'I was never with the Revolution. I was never with the dictator Somoza. I didn’t believe in nationalism or capitalism or communism, or any ism. Communist and non-communist came to my studio to see the beautiful art. But, during the revolution they said art is for prostitutes and degenerates, but I know the truth. I saw the hypocrisy and corruption. When the Sandinistas come, they want artists to paint propaganda…That is not freedom. Nicaragua for me is finished; I have a new motherland, but I will always paint the beautiful mystery of Nicaragua, and I write its laments.”

'When I came here with all of my nerves completely destroyed, with no money. My mind was blind. My body was painful. I had only my family and one connection with a museum in Washington DC. I couldn’t paint. I had to start over with one mark on the paper, very simple and primitive. But beauty is one of the strongest forces in the universe. What saved me in the end was the power of art.

'After living here, I have a little garden, I paint. If I did not paint or write, I think I would be dead very soon. And I have to hurry. This is the last chance to make a mark in this time, to leave footprints.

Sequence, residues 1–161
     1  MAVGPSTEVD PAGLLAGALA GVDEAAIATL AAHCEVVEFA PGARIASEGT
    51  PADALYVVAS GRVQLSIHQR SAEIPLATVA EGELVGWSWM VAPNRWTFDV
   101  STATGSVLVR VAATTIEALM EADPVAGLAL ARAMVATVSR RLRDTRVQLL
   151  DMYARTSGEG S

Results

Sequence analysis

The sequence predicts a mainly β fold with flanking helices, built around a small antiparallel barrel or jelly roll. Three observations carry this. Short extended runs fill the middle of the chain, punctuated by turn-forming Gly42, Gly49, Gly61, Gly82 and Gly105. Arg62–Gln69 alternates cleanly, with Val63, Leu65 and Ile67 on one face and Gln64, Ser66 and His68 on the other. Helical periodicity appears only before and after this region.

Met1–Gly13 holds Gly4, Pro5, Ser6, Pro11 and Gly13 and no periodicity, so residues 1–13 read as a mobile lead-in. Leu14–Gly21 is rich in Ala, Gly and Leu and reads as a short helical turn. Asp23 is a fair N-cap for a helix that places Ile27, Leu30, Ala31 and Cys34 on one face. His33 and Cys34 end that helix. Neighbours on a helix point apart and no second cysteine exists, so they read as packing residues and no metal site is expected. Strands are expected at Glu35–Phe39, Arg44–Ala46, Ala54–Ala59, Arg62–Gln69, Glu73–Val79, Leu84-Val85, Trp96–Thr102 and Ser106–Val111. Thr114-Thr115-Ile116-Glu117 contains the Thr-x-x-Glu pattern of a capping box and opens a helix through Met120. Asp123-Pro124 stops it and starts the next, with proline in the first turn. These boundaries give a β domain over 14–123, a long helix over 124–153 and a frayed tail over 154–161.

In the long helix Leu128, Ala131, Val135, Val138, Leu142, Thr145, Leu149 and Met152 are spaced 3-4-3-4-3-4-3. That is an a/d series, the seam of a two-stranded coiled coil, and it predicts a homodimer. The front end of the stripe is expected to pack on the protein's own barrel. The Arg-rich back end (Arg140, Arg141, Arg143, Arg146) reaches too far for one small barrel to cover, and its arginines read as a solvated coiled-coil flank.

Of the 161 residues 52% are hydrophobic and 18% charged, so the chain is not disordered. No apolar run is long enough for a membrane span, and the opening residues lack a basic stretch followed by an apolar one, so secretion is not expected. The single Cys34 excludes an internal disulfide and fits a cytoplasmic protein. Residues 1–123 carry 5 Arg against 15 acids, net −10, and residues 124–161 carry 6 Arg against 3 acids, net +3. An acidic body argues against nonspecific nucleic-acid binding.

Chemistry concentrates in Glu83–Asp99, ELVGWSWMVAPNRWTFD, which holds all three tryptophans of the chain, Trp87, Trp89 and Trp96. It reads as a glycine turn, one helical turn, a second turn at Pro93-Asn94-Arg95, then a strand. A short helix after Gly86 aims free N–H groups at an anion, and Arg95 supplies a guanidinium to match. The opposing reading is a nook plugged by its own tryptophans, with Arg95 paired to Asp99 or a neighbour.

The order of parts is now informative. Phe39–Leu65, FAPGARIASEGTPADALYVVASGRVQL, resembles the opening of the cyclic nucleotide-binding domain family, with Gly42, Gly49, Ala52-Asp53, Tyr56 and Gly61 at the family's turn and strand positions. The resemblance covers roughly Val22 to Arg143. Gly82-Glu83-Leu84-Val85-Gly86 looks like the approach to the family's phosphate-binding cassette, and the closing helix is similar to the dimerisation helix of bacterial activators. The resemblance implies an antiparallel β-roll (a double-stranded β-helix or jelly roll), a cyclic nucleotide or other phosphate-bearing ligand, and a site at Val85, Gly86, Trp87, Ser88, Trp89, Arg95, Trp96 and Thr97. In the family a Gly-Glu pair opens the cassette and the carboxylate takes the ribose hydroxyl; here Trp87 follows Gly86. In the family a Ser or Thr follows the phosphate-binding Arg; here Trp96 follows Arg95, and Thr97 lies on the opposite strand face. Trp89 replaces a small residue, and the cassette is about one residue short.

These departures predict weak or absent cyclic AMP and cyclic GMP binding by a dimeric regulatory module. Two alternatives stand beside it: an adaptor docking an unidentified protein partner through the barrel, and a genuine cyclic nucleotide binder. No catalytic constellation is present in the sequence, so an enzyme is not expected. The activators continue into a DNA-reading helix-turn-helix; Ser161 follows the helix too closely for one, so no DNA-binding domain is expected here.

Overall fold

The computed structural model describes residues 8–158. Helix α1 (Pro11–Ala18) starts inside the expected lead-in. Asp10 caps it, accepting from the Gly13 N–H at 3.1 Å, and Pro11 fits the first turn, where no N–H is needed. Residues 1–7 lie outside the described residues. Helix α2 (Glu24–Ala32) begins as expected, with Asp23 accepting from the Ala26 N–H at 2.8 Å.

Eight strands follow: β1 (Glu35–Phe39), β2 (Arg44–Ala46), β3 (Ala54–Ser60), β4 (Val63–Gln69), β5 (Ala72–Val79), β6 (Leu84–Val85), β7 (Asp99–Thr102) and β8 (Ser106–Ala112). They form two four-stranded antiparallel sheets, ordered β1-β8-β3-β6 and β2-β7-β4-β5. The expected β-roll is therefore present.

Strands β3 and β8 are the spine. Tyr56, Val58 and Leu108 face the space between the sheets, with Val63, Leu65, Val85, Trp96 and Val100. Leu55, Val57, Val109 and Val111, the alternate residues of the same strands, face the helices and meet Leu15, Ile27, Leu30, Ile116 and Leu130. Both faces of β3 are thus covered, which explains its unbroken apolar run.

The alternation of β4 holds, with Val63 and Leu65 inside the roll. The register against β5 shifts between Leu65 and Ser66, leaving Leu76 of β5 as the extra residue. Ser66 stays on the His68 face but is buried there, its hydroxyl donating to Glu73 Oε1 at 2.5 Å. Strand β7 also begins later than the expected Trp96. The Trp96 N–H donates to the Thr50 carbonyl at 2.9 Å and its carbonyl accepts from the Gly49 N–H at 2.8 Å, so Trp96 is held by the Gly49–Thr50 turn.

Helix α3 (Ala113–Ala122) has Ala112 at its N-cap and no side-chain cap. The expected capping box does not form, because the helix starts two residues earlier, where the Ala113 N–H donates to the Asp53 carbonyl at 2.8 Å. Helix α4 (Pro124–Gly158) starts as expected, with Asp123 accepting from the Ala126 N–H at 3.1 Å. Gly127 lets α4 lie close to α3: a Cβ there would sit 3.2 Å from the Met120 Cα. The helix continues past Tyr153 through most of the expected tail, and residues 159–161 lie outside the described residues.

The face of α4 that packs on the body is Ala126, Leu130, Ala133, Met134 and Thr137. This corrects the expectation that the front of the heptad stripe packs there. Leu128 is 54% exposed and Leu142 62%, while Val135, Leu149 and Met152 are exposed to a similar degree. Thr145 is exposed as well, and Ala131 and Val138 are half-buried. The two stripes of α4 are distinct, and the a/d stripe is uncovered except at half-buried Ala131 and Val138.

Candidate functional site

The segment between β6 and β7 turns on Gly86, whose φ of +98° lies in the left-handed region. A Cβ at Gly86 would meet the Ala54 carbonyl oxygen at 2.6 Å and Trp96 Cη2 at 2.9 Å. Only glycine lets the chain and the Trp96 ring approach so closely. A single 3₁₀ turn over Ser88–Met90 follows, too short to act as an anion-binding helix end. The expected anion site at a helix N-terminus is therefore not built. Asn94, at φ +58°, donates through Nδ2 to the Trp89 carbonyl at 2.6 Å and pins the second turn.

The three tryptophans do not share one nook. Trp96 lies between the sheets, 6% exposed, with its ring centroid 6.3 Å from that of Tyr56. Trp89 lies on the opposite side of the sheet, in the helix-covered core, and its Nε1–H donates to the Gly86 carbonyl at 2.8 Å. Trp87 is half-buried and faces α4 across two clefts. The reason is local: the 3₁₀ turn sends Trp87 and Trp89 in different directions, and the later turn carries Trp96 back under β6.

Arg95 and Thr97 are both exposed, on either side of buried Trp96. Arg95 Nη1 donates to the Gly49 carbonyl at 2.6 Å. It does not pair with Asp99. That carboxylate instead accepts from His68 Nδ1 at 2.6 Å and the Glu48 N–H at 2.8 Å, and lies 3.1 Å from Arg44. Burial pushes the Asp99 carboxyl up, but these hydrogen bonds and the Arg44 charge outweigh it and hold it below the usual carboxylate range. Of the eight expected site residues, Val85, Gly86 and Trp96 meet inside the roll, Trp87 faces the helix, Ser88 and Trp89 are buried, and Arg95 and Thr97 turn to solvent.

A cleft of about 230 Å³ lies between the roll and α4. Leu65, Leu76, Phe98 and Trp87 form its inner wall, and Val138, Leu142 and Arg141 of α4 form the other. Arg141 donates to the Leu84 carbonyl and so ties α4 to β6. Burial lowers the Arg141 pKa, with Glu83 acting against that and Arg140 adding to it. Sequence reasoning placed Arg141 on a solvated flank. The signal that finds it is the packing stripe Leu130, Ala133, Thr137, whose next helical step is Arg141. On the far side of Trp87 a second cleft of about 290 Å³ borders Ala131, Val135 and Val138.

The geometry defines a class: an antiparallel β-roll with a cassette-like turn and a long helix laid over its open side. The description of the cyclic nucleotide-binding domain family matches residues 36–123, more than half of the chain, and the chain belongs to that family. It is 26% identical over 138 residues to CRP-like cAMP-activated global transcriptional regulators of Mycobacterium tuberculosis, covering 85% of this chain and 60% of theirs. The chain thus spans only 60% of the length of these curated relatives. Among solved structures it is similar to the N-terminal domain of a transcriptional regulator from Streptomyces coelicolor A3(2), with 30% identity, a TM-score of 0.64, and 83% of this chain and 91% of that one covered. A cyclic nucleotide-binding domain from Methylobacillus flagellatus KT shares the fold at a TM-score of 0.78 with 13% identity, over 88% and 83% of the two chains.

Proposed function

'I try to live with freedom inside and to find the inspiration of humanity…I never smoked marijuana, or drank alcohol or did anything to cloud my person or to forget. If you camouflage your reality, you will never find the paradise inside you. The thing that doesn’t destroy you, gives to you more force, more vision more capacity to love."

Omar D'Leon fled Nicaragua more than 25 years ago. In a bit of irony, through the Salinas Gallery in Beverley Hills, his work was recently selected for the U.S. Art in Embassies Program. Two paintings, “The Poet Contemplating the Lakes” and “The Still Life of Fruit” will hang in the U.S. Embassy in Managua, Nicaragua.

When U.S. embassy officials asked Omar the cause of his injuries, he told them he’d fallen from a mango tree. It would be years before he would feel comfortable discussing the truth about what happened to him. He arrived in California with a portrait of his grandmother, one of his paintings and a book of poetry. He has never left his sister, who he escaped with along with her husband Robert, who died ten years ago. They still live off Appian Way, a street which takes its name from the highway of martyrs in Rome, a road Jesus is said to have traveled. A small sapling mango tree grows in Omar’s yard in Camarillo. Its narrow trunk and frail branches appear too tiny to bear mature fruit, yet after Omar shared his story and goodbyes were said on the lawn, he proudly pointed to the lone fruit on the tree - a massive mango flushed with crimson and purple suspended from a delicate limb, leaves fluttering around it like paper-thin gold coins. Nicaragua lost one of its national treasures, and the mangoes know.